Things To Know About Credit Counseling And Bankruptcy
Maybe you cringe when you hear the words “bankruptcy”. It is perfectly fine when you do as so many others are looking for debt relief to avoid bankruptcy. Unless of course, it is absolutely necessary. For some, filing Chapter 13 bankruptcy actually proves to be a blessing in disguise. For others, it is a total nightmare that has long lasting effects.
However, before you can file for bankruptcy relief due to maybe excessive credit card debt, you need to show that you received credit counseling from an agency that is approved by the US Trustees Office.
Besides, you have two options when saddled with debt in that you can either enlist the services of credit counselors or file for bankruptcy. Credit counseling will help you to set matters straight with regards to your financial predicament.
What Does Credit Counseling Entail?
With credit counseling, you are offered access to a confidential, yet non-judgmental consultation with certified counselors. The session will last anywhere between 45 to 90 minutes, which involves a full review of your debt and personal finances. The counselor would offer professional advice and assistance along with a custom made budget that is based on your current financial situation. The overall purpose is to present you with a realistic and actionable plan for paying your debt, increase savings, and improve your financial status.
Should You File for Bankruptcy Instead?
Bankruptcy is often met with dread and fear, but it should not be. It is, however, important to know your options before you file for bankruptcy. If you enlist the help of a reputed credit counselor, and bankruptcy is the only feasible option then, by all means, explore this angle. Keep in mind that a bankruptcy can also stay on your credit report for years and you will attract high-interest rates when seeking any kind of insurance due to bankruptcy. With this in mind, it is important to look at other options in lieu of filing for bankruptcy.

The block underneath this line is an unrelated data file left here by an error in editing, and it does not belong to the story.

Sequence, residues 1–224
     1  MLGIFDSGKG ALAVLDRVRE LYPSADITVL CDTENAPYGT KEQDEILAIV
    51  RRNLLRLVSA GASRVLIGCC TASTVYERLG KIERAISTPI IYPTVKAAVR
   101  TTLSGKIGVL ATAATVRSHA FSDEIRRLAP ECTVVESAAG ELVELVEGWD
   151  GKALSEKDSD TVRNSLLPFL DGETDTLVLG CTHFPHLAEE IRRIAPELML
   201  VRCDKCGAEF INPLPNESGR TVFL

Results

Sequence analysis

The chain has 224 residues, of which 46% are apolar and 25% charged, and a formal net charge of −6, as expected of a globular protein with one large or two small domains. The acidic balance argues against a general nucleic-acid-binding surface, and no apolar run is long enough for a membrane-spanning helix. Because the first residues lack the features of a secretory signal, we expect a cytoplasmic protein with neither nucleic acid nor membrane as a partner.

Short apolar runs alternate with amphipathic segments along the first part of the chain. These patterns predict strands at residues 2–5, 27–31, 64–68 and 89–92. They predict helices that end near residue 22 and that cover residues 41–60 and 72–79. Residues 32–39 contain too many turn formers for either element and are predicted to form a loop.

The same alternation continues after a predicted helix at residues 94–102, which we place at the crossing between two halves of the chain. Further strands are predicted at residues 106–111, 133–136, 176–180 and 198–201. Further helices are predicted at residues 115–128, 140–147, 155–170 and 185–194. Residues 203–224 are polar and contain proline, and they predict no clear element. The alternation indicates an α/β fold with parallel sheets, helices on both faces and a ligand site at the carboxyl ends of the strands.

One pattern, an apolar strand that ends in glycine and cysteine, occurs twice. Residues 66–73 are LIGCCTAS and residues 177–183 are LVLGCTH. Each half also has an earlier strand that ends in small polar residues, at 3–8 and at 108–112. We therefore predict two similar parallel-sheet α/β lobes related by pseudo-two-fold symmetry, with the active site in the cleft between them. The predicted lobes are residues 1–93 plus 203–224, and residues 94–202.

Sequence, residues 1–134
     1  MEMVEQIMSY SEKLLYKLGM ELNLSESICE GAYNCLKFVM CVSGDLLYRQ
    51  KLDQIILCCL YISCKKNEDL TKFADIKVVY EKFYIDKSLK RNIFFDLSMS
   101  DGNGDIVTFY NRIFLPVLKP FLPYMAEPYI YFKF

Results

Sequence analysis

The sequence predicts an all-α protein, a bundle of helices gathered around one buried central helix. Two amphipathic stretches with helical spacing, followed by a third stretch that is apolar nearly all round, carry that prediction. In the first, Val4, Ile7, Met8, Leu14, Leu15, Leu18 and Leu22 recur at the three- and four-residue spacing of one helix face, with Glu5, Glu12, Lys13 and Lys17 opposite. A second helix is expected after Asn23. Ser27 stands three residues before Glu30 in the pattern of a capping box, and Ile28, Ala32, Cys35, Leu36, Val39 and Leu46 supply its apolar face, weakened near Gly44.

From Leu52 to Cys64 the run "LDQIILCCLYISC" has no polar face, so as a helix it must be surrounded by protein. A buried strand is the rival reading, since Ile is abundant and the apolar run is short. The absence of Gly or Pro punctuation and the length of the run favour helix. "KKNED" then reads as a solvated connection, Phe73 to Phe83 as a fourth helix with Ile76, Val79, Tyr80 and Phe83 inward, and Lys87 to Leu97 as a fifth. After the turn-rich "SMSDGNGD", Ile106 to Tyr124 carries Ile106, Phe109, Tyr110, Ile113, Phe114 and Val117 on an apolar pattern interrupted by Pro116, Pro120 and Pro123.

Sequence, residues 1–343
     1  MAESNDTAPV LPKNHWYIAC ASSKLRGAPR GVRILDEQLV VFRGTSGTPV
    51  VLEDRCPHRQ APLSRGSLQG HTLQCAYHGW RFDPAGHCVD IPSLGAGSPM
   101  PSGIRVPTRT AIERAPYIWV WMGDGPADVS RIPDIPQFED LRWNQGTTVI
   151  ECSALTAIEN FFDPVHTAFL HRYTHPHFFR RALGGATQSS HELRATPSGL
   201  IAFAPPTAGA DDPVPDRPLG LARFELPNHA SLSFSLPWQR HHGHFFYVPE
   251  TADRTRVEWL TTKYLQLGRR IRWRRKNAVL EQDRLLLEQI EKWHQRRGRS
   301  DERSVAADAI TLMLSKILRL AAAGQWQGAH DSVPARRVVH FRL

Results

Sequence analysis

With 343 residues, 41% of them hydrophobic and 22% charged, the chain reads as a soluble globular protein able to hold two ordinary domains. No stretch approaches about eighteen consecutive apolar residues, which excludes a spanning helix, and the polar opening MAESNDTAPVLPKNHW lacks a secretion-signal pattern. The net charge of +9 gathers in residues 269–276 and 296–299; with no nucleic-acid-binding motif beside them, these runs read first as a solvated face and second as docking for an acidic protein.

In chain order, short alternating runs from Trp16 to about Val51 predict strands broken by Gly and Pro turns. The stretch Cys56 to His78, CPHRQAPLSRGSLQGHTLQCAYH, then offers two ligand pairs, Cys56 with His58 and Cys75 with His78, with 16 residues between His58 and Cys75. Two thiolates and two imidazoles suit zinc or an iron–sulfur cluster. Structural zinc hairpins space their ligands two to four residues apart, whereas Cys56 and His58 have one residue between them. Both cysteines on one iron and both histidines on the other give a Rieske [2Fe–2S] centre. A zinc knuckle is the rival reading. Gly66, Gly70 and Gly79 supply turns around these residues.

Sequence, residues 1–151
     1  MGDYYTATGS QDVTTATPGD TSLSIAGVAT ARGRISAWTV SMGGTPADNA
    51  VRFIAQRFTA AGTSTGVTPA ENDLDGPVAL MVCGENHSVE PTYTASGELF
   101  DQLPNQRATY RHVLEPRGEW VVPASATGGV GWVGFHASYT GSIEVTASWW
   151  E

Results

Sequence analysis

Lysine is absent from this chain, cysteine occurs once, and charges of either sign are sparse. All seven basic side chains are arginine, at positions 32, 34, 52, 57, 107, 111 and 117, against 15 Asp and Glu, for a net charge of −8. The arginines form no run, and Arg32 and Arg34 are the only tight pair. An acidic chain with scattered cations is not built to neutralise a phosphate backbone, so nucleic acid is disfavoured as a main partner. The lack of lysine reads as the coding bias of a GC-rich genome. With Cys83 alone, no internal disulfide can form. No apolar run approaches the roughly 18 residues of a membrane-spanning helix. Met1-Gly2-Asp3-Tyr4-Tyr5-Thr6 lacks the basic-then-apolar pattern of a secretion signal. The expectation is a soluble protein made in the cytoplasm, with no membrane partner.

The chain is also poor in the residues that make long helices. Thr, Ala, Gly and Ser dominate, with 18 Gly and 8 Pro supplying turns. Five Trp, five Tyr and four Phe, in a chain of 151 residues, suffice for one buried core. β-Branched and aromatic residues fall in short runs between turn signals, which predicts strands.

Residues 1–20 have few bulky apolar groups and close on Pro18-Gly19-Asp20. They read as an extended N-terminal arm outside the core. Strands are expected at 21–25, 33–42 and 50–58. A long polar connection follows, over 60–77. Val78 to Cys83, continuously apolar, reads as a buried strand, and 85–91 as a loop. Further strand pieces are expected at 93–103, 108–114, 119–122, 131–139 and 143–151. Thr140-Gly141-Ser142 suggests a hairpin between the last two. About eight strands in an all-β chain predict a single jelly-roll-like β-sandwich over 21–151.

Depending on your individual situation and the laws put in place by your state, you may need to liquidate some of your assets and property. Also, filing for bankruptcy will form part of your credit report for up to 10 years, which would depend on whether you filed Chapter 7 (Liquidation), or Chapter 13 (adjustment)
Credit counselors will also tell you how difficult it may become to obtain new credit cards, rent or buy a car, or buy insurance again. With all due respect, banks and other creditors would view you as a high risk when it comes to transactions that involve credit with regular monthly payments. Furthermore, any existing credit cards will be canceled once you file for bankruptcy. No doubt, it will complicate matters as far as routine transactions, requiring credit card deposits.
Applying For Loans In The Future
In terms of life after bankruptcy, future creditors would analyze two basic things; your income and credit rating, before they’d consider you as a potential customer. The moment your credit report shows severe damage, they already view you with suspicion. Credit counselors may show you a way where your liabilities are virtually eliminated or lowered in the event that you did not include all debts when filing for bankruptcy, which makes a new loan application so much easier.
Having said that, the creditors may not see you as a responsible loan applicant. Having a steady job with a good income will help, but you will still be seen as a risk. Bankruptcy should not be taken lightly, which is why pre-bankruptcy credit counseling helps you understand the possible advantages, disadvantages and other available alternatives before filing for bankruptcy.